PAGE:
4.) I was quite amused every time I saw in the various press coverage mention of Marvel's catalog of 5,000 characters as a virtue, as if they had 5,000 Iron Men and Ghost Riders just sitting there waiting for movie deals. You know that 5,000 is is like 80% full of guys like Razorfist, The Puma, The Armadillo, Swarm, Marvello, Ruby Thursday and so on. You know, characters that are kinda awesome, but aren't likely to ever serve as the center of a successful franchise, or attempt at a successful franchise.
5.) If it does affect the comics at all, it's probably going to be in a way I like. Like I said earlier, I didn't expect the move to have much if any impact on the current Marvel Comics line, in much the same way that DC seems (for the most part) to be run by and for a very particular, shrinking market, regardless of corporate ownership.
But then I read this post on comicsreporter.com, a letter from writer Ben Schwartz. Go read it in full if you're interested, but here are the parts that made me go, "Oh yeah," and "Ah, of course":
Look, Marvel didn't just get bought up by a subsidiary of General Dynamics. Disney is a creative company, and superhero books in general could use a shake up. No loss, in my opinion, if they did get involved. Marvel's line has been a angry version of Weisinger-era Jimmy Olsen concepts lately (suddenly, everyone's a zombie; suddenly, everyone that was bad is good and was good is bad ...). After all these-post Miller/Moore years of "dark" and "edgy," ie, angry and adolescent, maybe Marvel moving towards pop light isn't a bad idea. The pop-culture Kirby/Lee/Ditko-era was Marvel's creative peak, while 2009 is its financial peak from movies, TV, etc, (but not in comics). They need something.
The Spectacular Spider-Man animated show is better than the comics. The X-Men and Spider-Man movies are, too. As I mentioned above, the guys running the comics division live in the past and their sales are mediocre. The people making the comics into movies are the ones connecting to the public in a big way, that's actually made Marvel fun for me again.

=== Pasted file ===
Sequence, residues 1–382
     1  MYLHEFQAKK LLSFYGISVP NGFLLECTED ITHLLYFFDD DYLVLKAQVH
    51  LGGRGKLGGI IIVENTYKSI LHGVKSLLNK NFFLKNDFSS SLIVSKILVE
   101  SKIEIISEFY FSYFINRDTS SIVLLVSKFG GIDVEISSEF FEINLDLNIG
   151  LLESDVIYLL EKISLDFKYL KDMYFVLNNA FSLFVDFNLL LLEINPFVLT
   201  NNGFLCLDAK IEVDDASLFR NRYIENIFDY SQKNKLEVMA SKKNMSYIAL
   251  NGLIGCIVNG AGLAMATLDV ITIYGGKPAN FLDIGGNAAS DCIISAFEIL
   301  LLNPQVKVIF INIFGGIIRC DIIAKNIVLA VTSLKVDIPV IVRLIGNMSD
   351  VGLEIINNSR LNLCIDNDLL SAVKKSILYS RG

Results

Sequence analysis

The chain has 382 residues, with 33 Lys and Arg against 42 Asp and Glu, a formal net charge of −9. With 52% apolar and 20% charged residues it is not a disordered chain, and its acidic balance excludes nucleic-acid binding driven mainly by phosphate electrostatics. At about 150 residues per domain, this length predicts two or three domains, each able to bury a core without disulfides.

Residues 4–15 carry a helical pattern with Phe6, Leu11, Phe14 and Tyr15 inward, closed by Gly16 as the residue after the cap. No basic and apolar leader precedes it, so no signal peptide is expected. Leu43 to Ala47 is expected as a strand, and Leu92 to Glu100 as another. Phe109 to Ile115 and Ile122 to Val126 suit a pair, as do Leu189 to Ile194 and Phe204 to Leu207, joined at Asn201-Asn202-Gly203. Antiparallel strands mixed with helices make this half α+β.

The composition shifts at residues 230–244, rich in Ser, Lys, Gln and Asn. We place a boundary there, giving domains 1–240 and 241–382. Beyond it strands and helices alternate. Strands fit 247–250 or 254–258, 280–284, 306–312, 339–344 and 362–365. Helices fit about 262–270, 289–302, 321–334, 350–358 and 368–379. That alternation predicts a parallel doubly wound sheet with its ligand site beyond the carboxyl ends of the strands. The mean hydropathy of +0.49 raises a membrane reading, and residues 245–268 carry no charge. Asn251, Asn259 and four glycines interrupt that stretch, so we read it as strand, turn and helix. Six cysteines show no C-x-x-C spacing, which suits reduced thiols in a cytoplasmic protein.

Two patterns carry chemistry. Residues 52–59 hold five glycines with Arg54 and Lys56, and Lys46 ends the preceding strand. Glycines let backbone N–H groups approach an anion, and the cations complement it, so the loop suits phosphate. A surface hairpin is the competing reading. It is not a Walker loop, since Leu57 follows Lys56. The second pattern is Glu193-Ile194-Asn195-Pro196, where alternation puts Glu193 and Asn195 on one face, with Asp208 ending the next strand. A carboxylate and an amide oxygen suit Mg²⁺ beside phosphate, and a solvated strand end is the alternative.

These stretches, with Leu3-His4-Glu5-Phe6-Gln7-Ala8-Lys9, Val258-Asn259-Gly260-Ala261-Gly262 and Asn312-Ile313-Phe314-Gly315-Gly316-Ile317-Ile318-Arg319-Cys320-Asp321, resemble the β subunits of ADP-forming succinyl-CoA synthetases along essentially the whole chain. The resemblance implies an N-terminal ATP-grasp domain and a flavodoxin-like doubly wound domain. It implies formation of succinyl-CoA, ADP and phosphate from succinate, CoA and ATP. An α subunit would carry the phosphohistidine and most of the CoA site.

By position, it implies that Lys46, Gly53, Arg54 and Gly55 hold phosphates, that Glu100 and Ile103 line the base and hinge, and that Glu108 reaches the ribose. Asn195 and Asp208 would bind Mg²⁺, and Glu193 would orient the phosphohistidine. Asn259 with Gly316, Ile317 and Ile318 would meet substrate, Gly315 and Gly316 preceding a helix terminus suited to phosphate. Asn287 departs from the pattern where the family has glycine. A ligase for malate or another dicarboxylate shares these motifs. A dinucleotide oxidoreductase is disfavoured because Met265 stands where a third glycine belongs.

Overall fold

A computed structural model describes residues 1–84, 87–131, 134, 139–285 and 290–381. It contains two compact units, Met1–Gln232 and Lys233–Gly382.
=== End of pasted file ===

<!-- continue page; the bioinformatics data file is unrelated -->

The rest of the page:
Well, that all sure sounds reasonable, doesn't it? A Marvel Comics that published comics more like Spectacular Spider-Man and X-Men Evolution cartoons or the Iron Man movie is certainly a Marvel Comics I'd likely read a lot more comics from (I should note right now that the comics I enjoy most tend to be the Marvel Adventures ones, and things written by Jeff Parker, Fred Van Lente and Paul Tobin—whose scripts all tend to be fun and accessible, sometimes despite having to deal with heavy continuity and the "angry and adolescent" stuff).
If Disney assigned a new editor who sat everyone down and was like, "Look guys, kids don't like art that looks like photos run through a couple of PhotoShop filters, knock that shit off," or "Necrophilia and tentacle rape enthusiasts are a pretty small set of readers, and frankly, ones we could do without. Perhaps we can go in a different direction with these covers?"
And those big "genies" that Quesada wanted to put back in the bottles—making the X-Men less like the movie and more like the original Claremont era, un-marrying Spider-Man, and making the Marvel Universe more "dangerous" feeling through inter-hero conflict—only served to make the line harder to access, understand and enjoy (Without getting into the virtues of any of those moves, I can't imagine it wouldn't have helped if Quesada had to run the script for "One More Day" past someone at Disney, someone with the power to mark it up with red ink and attach a post-it note saying "Are you kidding? This is completely fucking retarded. Do-over.")
6.) Maybe Marvel will start sending me review copies? That would be pretty awesome. Especially since I can no longer afford most Marvel comics.
*Ha ha! I wrote "ejaculations."